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New approaches to tackling addiction in Europe

Annual health footprint reports and better targeted interventions could lead to more effective addictive substance policies say EU-funded researchers.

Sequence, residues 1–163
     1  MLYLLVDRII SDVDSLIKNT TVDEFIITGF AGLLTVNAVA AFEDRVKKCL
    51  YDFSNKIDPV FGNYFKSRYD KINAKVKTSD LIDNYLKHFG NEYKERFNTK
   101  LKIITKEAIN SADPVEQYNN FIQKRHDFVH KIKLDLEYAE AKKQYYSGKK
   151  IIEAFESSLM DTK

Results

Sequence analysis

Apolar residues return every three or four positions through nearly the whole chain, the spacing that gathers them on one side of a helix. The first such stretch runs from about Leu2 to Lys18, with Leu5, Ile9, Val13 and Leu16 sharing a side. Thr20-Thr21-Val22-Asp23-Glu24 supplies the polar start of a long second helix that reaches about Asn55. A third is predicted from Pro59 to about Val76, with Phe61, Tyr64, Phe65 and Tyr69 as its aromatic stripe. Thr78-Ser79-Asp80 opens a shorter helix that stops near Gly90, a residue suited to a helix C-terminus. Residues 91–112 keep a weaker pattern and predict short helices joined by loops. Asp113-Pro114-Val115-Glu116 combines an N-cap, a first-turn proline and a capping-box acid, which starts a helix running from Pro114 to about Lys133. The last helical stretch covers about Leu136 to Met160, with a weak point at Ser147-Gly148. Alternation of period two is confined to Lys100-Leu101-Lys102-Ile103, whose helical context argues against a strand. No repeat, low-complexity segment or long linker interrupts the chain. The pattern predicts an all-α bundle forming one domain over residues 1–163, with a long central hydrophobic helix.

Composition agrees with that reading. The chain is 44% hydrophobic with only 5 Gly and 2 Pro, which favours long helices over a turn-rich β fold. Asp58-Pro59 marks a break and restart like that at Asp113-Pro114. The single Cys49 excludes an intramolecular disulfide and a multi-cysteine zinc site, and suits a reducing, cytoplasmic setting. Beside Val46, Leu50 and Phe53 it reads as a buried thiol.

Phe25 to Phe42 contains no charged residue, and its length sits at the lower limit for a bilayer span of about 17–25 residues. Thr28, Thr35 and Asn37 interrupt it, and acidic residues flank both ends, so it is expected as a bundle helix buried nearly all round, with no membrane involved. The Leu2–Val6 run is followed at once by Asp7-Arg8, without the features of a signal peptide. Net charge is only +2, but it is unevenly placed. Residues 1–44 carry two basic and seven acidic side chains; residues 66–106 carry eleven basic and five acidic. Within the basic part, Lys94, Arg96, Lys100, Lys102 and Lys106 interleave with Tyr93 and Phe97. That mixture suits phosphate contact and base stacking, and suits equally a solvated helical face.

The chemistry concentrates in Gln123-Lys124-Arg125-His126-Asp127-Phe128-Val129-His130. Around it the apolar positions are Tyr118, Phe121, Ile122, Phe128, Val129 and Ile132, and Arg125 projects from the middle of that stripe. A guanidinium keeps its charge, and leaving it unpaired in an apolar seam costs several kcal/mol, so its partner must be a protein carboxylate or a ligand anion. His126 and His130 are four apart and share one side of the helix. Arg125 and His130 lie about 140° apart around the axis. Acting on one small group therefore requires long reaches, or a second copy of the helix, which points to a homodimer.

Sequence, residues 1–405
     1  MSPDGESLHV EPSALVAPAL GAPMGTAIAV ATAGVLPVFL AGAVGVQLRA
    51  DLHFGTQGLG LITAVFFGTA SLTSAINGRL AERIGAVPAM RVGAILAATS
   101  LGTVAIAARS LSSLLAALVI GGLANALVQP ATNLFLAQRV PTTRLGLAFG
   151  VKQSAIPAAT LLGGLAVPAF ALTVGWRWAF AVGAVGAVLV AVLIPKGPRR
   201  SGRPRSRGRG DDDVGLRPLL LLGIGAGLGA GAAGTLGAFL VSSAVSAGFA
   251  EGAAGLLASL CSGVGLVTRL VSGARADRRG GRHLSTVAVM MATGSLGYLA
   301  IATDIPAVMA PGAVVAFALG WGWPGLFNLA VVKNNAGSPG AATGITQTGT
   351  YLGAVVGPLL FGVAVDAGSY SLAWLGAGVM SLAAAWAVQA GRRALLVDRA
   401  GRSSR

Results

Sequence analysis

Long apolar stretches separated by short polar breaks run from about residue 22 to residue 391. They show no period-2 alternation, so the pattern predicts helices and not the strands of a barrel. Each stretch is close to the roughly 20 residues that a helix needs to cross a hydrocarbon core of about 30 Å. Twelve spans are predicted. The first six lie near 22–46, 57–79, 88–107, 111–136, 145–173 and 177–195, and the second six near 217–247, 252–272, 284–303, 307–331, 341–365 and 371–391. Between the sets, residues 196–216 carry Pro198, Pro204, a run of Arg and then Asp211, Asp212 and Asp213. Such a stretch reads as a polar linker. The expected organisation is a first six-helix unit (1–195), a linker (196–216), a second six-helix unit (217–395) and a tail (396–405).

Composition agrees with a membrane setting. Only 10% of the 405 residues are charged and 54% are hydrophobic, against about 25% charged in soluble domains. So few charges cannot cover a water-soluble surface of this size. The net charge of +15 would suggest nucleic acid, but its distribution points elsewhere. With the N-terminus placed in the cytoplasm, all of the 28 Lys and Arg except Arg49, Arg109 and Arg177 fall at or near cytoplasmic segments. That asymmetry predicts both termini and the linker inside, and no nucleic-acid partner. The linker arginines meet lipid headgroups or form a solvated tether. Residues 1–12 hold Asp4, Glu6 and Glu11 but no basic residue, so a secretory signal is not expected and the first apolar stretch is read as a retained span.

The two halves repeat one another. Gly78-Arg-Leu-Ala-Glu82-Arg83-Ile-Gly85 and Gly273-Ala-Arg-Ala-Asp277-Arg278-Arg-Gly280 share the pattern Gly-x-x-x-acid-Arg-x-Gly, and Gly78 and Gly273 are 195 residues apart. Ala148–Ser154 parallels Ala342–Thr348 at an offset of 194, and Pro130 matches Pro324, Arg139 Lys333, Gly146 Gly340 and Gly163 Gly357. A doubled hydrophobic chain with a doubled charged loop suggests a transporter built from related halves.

Researchers from the EU-funded ALICE RAP project have urged policy makers to pursue the concept of a ‘health footprint’ in order to better quantify the negative impact that regulators and producers of addictive substances can have on health. Each year, some 21.1 million years of life are lost by citizens in the EU due to tobacco, alcohol and illegal drug use. Annual health footprint The project team want to see governments and companies involved in the production of alcohol, tobacco and other addictive substances publish an annual health footprint, which would also indicate the measures they plan to take to further reduce harm. This footprint would measure the harm from products and inadequate polices, would show who is producing what harm, and act as an incentive for companies and governments to do something more to reduce damage. In effect, this footprint would function in the same way as the concept of a carbon footprint is used to hold actors accountable for their carbon emissions, and to encourage positive action. For example, national governments could improve their health footprint by implementing evidence-based policies and regulations, while alcohol companies could produce lower alcohol concentration products. The health footprint concept was one of the key issues discussed with international addiction experts at a high level conference in Barcelona, Spain in February 2016, an event attended by over 100 scientists, policy makers, clinical professionals and civil society actors. This event marked the culmination of the five year ALICE RAP project, which since 2011 has sought to re-frame perceptions and practices around the governance of addictions and lifestyles, in order to better inform decision-making. Other recommendations In addition to the health footprint concept, the project also wants to see the adoption of a more accurate and practical definition of ‘heavy use over time’ in public health discourse, which could lead to more effective policies. Researchers also identified underlying and immediate drivers of addictive behaviour. For example, one key project finding was that cognitive behavioural sessions provided to sensation-seeking teenagers could substantially reduce their consumption of cannabis. Sensation-seekers are identified as being particularly inclined to taking risks, seeking adventure and new experiences, being disinhibited and largely intolerant to boredom. The project found that the sessions delayed the onset of cannabis use in all youth, and consistently showed that the programme was particularly effective in preventing cannabis use among sensation seekers. The project team believes that future studies should look at the motivations for cannabis use amongst people with other at-risk personality types in order to develop effective intervention programmes. The ALICE RAP project brought together over 150 scientists from 27 countries, representing a total of 1 000 months of scientific endeavour, from disciplines as diverse as anthropology and toxicology. It analysed the complex network of biological, economic, historical, medical, political and social aspects of drug use, addictive behaviour and governance, with a view to informing a widespread debate on the concept and regulation of the problems caused by addictions. ALICE RAP is due for final completion at the end of March 2016. For further information please visit: ALICE-RAP project website

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